CLARKSVILLE, Tenn. – Building the Tennessee State Soccer Association’s tournament headquarters in the City of Clarksville would have a massive positive economic impact -- nearly $300 million over 20 years -- on Clarksville, Montgomery County and the State of Tennessee, the City’s project consultants say.
In advance of negotiations toward a potential management and use agreement for the state soccer facility at a new Clarksville Athletic Complex, the City on Wednesday released details of preliminary economic research provided by Sports Facilities Advisory LLC, a firm specializing in the planning and funding of youth and amateur sports, recreation and entertainment facilities.
SFA based its $26.5 million soccer facility program on TSSA’s request outlined in its letter of interest to the City, which includes, in part:
• Six full-size, lighted fields, with synthetic turf; and 10 full-size, lighted natural grass fields, one of which would include stadium seating for 2,000 spectators.
• Support buildings for concessions, restrooms, storage, first aid and administrative support.
• Sufficient parking for events.
The study predicts a total direct economic impact in Year 1 of operations of the TSSA facility of $11.7 million, which would result in $772,704 of new local and state revenues from sales and lodging taxes. The total direct economic impact of the soccer complex over 20 years -- roughly the time required to retire the debt to build the facility -- is estimated at $289 million; and the total new local and state sales and lodging taxes over 20 years is estimated to be about $19.2 million.
The direct economic impact is calculated on 29 TSSA tournaments and events a year, a conservative estimate based on the association’s present list of events and expected success in landing several new tournaments.
SFA calculates that the 29 events will attract 108,245 “non-local visitor days,” defined as the number of players and spectators traveling from more than 90 minutes away and spending one day in Clarksville as a direct result of an event at the complex. Each “visitor day” will generate an average daily expenditure per person of $108 for hotels, meals and entertainment. SFA’s modeling includes realistic spending patterns and slight increases in visits and revenues each year based on expected growth in participation.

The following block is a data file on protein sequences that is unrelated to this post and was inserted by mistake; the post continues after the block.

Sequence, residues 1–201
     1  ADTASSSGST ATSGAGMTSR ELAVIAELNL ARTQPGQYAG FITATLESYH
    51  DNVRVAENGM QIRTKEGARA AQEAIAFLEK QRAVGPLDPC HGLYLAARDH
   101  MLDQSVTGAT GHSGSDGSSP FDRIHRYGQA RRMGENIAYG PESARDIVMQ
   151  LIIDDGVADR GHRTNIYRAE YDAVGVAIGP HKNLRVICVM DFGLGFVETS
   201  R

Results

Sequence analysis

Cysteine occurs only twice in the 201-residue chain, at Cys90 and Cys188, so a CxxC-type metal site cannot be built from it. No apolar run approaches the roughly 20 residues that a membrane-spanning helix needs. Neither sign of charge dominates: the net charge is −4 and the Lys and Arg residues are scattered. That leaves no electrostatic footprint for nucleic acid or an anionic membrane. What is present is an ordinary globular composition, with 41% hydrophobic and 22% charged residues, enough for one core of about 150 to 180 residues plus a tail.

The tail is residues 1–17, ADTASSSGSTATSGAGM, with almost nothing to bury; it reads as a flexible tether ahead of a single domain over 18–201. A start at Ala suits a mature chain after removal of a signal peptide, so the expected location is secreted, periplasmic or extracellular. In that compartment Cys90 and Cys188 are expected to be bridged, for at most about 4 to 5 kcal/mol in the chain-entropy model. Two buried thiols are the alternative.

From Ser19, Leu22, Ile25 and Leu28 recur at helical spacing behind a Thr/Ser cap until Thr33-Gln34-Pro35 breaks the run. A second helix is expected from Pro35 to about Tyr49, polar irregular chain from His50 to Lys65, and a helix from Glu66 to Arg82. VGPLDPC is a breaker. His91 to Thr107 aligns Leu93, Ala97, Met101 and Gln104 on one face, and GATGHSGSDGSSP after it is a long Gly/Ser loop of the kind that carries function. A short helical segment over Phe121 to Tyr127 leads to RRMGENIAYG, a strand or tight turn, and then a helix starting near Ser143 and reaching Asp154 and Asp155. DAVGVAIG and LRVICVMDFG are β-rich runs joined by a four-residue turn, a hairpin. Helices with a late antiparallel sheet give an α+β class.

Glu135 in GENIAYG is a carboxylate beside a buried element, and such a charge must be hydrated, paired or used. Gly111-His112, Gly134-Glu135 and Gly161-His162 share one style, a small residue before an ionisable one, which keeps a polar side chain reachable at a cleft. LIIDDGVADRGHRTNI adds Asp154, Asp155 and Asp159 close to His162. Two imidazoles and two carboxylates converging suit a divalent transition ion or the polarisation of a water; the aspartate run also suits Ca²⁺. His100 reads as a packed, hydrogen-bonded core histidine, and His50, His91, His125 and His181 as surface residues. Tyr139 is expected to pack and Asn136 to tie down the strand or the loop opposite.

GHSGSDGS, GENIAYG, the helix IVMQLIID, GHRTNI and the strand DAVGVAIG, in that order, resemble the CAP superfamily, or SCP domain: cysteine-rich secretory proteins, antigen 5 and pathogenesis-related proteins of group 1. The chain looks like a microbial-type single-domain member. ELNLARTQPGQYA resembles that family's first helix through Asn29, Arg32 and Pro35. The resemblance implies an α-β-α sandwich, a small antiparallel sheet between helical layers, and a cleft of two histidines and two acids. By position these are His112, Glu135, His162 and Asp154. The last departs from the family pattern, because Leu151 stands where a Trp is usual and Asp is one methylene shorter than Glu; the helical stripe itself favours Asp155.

“This is an incredible amount -- nearly $300 million -- of new economic impact over 20 years that will be generated by the TSSA soccer park, which also will be used by local leagues and teams,” Mayor Kim McMillan said. “This level of activity will provide new business for our merchants and new jobs for our residents. And people need to realize that the new local sales tax proceeds will flow primarily to our public schools, which will put that money to good use for our children’s education.”
SFA outlined several other potential direct and indirect economic benefits that will flow from the TSSA portion of the overall Clarksville Athletic Complex project. They include:
• The value of having new fields that can be used for local organizations (both on site and through the shift of some user groups at existing fields to the new complex).
• The value of the new facility as a catalyst for motivating new private investment in hotels, restaurants and retail.
• The economic value of property taxes associated with new developments motivated by the soccer complex.
• The value of having an important state organizing body choose Clarksville as its home.
• Improvements to quality of life and sense of place in Clarksville based on having a premier soccer complex.
SFA, of Clearwater, Fla., was engaged by Lose Design, the City’s Athletic Complex project engineers, to assess the economic impact of a new TSSA soccer complex. Since 2003, SFA has served a portfolio of more than $10 billion in planned and operational facilities for more than 1,800 communities around the world.
Last week Mayor McMillan signaled to TSSA that the City and its consultants had completed extensive evaluation of the feasibility of the soccer project and wanted to move forward. TSSA told McMillan that it “wishes to enter the next phase of negotiations” and that its board will vote on Dec. 1 to select a site for its statewide soccer complex.
The soccer complex is proposed as Phase 1 of recreational amenities planned on a 300-acre site the City has acquired on Rossview Road at Exit 8. Other phases, which are not part of soccer facility economic impact analysis, could include an indoor recreation center, an indoor ice facility, and a baseball/softball complex.